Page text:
I belong to a poetry critique group that meets once a month—we call ourselves The Side Porch Poets.  At each of our meetings one Side-Porcher (we take turns, alphabetically) brings an assignment for the next meeting—a poetic form or subject matter that can serve as a challenge, an impetus, a useful cue. “Dissonance” was written to fulfill an assignment called “The Accordion.”  In this form, the first stanza is a single line (any length); second stanza, two lines; third stanza, three lines, and so on to any number of stanzas, before the pattern collapses down again— the fourth stanza/four lines, followed by a three-line… Read More »


A Year at Mills College

My wife Deborah attended Mills College in Oakland, California for her freshman year in 1966–67. While there, she was introduced to a sampling (pun intended) of contemporary composed music that made a lifelong impression on her. Her exposure was a potent seed that drew her, and later me as her acolyte, into whole universes of musical possibilities. Her experience is a shining example of the value of an arts education in developing a well-rounded, open-minded human being.

Mills is a very small, all female institution, though a few men do attend grad school there. In those antediluvian times when Deb was there you still had to sign out… Read More »


Do Music Lovers Read Blogs?

Do music lovers read blogs? Occasionally. Rarely. We go to concerts to be catapulted into heaven, arcing like rockets across the sky, and when we come back to earth we have to reestablish our identities as mild mannered Lois Lane and Clark Kent of the Daily Planet. But what just happened? It was amazing but inexplicable. Or better yet, explaining it is an entirely different art. Once in awhile we might wonder what someone authoritative has to say: maybe they can make sense of this delightful but indefinable phenomenon.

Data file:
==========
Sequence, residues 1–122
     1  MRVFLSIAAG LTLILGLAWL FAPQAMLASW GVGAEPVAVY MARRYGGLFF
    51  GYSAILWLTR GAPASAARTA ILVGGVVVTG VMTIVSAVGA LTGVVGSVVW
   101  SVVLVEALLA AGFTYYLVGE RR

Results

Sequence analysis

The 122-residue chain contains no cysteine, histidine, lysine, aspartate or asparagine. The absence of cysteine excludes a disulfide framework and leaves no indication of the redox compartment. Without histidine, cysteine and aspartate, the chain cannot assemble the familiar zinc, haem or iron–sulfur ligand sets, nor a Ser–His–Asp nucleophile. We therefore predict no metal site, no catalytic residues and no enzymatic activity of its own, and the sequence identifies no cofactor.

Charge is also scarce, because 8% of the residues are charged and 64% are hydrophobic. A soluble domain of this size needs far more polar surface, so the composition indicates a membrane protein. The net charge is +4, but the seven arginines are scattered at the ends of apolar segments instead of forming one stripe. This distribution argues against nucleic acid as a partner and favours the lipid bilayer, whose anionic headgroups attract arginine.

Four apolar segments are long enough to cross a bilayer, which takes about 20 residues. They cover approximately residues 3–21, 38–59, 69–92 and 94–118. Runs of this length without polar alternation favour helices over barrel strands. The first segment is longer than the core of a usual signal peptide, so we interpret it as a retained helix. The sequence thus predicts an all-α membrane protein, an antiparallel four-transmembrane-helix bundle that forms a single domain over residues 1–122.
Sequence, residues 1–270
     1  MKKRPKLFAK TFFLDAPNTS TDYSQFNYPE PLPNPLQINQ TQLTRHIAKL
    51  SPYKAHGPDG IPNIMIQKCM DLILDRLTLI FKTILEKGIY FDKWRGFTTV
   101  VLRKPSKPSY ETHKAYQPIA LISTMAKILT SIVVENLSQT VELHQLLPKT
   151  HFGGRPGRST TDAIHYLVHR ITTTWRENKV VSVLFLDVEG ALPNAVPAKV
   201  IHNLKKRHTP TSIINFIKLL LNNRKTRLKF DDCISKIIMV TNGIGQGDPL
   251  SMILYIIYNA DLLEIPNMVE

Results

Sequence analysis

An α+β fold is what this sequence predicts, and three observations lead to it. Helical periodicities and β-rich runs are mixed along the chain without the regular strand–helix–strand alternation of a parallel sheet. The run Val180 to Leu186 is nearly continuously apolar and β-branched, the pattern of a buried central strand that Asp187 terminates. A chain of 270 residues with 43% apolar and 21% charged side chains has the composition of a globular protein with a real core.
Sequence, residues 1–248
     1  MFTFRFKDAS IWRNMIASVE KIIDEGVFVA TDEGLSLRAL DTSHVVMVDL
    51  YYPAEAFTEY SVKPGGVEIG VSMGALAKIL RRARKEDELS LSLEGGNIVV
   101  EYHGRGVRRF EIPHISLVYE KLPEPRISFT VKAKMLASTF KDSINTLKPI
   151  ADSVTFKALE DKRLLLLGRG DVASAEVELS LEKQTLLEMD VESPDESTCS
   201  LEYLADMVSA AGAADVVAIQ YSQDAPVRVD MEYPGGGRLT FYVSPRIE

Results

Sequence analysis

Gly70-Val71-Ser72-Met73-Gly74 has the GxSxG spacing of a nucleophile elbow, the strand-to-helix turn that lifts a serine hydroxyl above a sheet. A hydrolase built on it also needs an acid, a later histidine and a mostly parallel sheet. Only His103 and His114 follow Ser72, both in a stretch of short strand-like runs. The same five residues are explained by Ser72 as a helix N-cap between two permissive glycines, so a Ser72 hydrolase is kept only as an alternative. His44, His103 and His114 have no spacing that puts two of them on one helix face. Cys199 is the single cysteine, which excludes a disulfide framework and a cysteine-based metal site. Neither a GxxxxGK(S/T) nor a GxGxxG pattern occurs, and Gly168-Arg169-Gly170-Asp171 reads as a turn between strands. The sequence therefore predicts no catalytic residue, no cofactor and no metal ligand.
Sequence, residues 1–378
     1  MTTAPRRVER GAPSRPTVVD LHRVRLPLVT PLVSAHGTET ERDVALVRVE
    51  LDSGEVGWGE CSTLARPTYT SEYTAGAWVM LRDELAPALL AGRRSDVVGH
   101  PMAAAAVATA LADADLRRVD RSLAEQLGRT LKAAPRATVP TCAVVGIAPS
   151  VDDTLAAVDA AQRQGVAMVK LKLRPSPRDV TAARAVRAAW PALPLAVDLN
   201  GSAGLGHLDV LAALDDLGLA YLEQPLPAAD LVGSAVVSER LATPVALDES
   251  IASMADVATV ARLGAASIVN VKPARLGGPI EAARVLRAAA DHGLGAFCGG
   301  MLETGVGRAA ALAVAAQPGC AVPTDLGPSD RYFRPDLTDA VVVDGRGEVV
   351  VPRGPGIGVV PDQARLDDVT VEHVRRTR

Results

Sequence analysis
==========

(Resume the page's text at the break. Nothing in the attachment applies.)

Yet we all love to not only take a trip but to squeeze it into a neat synopsis afterwards. And music being hard to… Read More »



The Friends Of Chamber Music was proud to present the premier all-male chorus Chanticleer earlier this season, and they pulled off the impossible: they packed the stage with virtuosos and sang together without coming to blows. The range of their offerings was huge, so I was startled to find that my favorite piece, O Frondens Virga, was written in the eleventh century. Using only locally available notes. By a woman, during a period when there was very little historical evidence of their existence. (That period is just now coming to a close.)

The woman’s name was Hildegard von Bingen, and she was really something. There was almost… Read More »


Music Appreciation

Classical music is an elitist art.

That doesn’t mean it’s expensive, though it can be. Elite simply indicates it isn’t instantly available to everyone. In many cases, appreciating it takes some work. But that is hardly a reason to scorn it. All art forms take some getting used to, some education, to instill appreciation.

For many people a more than ordinary measure of persistence is required to reveal the joys of classical music. Arts organizations face an uphill battle to bring it to a wider audience, but the incentive is hard to resist: once a person gets past the initial strangeness or foreignness of classical music, it… Read More »


A Nonviolent Revolution

John Cage opens his book, Silence, with a key insight:

“Wherever we are, what we hear is mostly noise. When we ignore it, it disturbs us. When we listen to it, we find it fascinating. The sound of a truck at fifty miles per hour. Static between the stations. Rain. We want to capture and control these sounds, to use them not as sound effects but as musical instruments.”

In music we “don’t like,” we prefer to stay on the banks and generate disparaging thoughts about the stream at our feet. We imagine the water is in some way polluted or dangerous, and we are better off keeping dry. There is something really odd at work here:… Read More »


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